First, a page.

“It was an ongoing process, as my view of Islam has evolved in sync with my worldview. A few years after conversion, in my early thirties, politics took a backseat and spirituality took over. I used to devour Rumis and Ibnu Arabis of the world. Then I mellowed a great deal. Now, I humbly believe that I have a more balanced, unbiased understanding of Islam, aligning more with the holistic view of human life that the Quran advocates,” he said. “My priorities have kept on changing. There is no better spiritual exercise than listening to one's own life as it unfurls petal by petal.”

Ali believes Islam as well as its broader concept of God and religion has significantly influenced all these changes.

“Each moment of our mundane day-to-day existence has the potential to spiritually awaken us. No human experience, however inconspicuous and humdrum they might seem, is devoid of the spiritual potential to enlighten us and connect us with God,” he said.

Catherine, for her part, calls this phenomenon the birth of a spiritually alert mind. She says every single object or phenomenon, animate or inanimate, has a compelling spiritual message encoded in it, beyond its material exterior. It takes a spiritually alert mind, though, to decode them and absorb the subtle nuggets of wisdom conceived in them.

“To believe in God is to believe in the unseen. But it’s not a blind belief in something of which we have no proof, but to believe in a phenomenon to which we are eventually guided by everything we see,” she said.

Although God remains physically invisible, He makes Himself known to us through His unmistakable signature in every ounce of our being and in every single particle of our universe, she elaborates.

“We don't have to physically see God to have faith in Him, but we believe in him by witnessing his signs, which permeate our being and the being of everything around us. We witness His signs everywhere- in all complexities and varieties, harmonies and disharmonies, of our life.”

For Robert, an engineer by profession, it was his passion for social service, philanthropy, and community building that eventually led him to the shore of Islam. While speaking over an Iftar gathering in one of the luxurious hotels in Dubai’s Palm Jumeirah, he extensively quoted Quran verses and prophetic traditions extolling the virtues of charity to explain how motivated he was by them and how Islam helped him to pursue his life-long passion with a clarity of vision and sense of purpose.

It’s meaningful and purpose-driven in every step from conception to implementation. He read out a list of 15 projects that he successfully implemented since he and his wife Clara embraced Islam 15 years ago. We welcome every Ramadan with a dedicated project and we are looking to immortalize every year of our life with an exclusive project, 70-year-old Robert said with an elan and enthusiasm belying his age.

For Sandra, daughter of a Jewish banker and a Catholic school teacher from Philadelphia, Islam marked the final destination in a journey through all the three Abrahamic faiths, she said after a visit to Abu Dhabi’s Abrahamic faith centre. She was full of praise for her parents who left her in a spiritual crossroad without ever forcing her to choose their respective religions. It was this uncertainty that encouraged her to start her spiritual odyssey off the beaten track.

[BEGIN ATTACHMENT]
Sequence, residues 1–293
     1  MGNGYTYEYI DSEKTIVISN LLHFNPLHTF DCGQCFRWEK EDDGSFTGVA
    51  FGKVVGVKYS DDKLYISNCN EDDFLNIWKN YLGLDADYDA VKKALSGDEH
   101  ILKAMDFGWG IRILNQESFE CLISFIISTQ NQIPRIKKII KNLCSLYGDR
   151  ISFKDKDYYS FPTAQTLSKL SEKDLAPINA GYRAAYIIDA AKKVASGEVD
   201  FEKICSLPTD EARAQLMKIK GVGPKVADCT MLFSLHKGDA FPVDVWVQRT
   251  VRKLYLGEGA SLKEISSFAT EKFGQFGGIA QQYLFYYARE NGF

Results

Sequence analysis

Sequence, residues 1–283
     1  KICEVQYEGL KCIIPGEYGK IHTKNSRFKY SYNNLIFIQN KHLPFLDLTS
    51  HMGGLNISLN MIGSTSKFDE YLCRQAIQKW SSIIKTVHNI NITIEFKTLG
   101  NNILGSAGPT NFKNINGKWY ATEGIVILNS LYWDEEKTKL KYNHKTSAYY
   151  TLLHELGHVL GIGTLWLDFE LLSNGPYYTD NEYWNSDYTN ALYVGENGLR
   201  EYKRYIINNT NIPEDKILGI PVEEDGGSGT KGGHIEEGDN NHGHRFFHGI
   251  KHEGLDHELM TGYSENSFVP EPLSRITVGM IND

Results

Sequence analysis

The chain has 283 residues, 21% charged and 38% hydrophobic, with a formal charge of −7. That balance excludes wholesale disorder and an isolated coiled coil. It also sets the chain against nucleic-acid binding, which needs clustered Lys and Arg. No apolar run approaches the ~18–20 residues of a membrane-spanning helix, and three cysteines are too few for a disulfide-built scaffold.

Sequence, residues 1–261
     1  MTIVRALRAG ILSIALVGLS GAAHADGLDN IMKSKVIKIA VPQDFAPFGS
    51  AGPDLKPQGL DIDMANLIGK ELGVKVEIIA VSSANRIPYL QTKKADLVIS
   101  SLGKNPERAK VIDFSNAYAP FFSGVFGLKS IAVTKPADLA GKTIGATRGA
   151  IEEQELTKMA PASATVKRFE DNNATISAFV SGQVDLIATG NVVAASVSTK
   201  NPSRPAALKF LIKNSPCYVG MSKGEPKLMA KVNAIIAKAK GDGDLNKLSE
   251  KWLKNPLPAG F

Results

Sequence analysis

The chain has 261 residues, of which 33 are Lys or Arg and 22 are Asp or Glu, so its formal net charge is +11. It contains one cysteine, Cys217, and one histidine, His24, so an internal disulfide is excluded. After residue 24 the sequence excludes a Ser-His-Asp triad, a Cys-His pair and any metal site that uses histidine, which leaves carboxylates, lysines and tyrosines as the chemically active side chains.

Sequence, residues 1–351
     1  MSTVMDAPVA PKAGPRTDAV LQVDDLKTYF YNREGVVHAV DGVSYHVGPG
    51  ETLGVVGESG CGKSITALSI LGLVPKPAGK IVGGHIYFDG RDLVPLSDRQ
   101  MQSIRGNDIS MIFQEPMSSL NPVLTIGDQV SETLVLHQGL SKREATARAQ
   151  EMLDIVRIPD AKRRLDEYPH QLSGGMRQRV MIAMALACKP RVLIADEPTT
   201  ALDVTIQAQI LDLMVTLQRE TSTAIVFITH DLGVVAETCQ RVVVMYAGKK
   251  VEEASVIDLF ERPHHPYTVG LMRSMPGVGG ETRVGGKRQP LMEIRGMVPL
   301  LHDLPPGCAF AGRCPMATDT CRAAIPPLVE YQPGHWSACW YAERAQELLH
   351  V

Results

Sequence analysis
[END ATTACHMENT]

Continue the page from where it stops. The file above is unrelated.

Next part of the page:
“It helped me penetrate deep into the human realm and pose fundamental questions about who I am and what I may become,” she said.

But still Sandra had a tough time as she grew up and opted for Middle Eastern history as her major in the university. At one point she was “utterly flummoxed and bamboozled” by what the orientalist scholars have written about Islam. But this had piqued her curiosity to learn about Islam and Islamic history from Muslim sources.

And she spent many a long hour swathed in the proverbial hot towels, struggling to distinguish her prejudiced, stereotypical understanding of Islam and what she learned from Islamic scholars and experts. Although academics paved the way for her to Islam and she converted to Islam in the midst of completing her PhD thesis, she soon decided to abandon academics and try her luck elsewhere.

She has since worked for several NGOs and non-profit organizations involved in fighting against inequality, poverty, and injustice, in different parts of the world. “Islam gave me new priorities. Or it’s the other way around: My new priorities guided me to Islam. Reading is no longer a tool for me to acquire more knowledge and prove myself to be a master. I no longer read much of those hefty volumes I used to devour left, right and centre.

Why should we acquire this much knowledge if we cannot process them into wisdom? Today machines can gather, process and generate knowledge faster than us. Once I wanted to prove myself as a scholar, but today my ambition is to excel as a human being. This is a struggle to surrender,” she said, referring to American scholar Jeffry Lang’s book about his conversion to Islam.

A common thread running through all these stories of reversion is the focus on nurturing and developing a spiritually alert mind and an unmistakable sense of responsibility it constantly generates. It was that alertness that helped them, as Catherine rightly said, to identify the

“potential in every material to transport us to the immaterial, and in every evanescent to clue us in on the eternal realm”.

While a majority of Muslims fail to realize the therapeutic potential of the faith they inherit by birth, the reverts who negotiated their path to Islam through steep and inhospitable terrains cherish their hard-earned faith as a treasured possession.

Muhammed Nafih Wafy is a writer currently based in Abu Dhabi 

  Category: Faith & Spirituality, Featured, Highlights
  Topics: Islam, Reverts  Channel: My Journey To Islam
Views: 586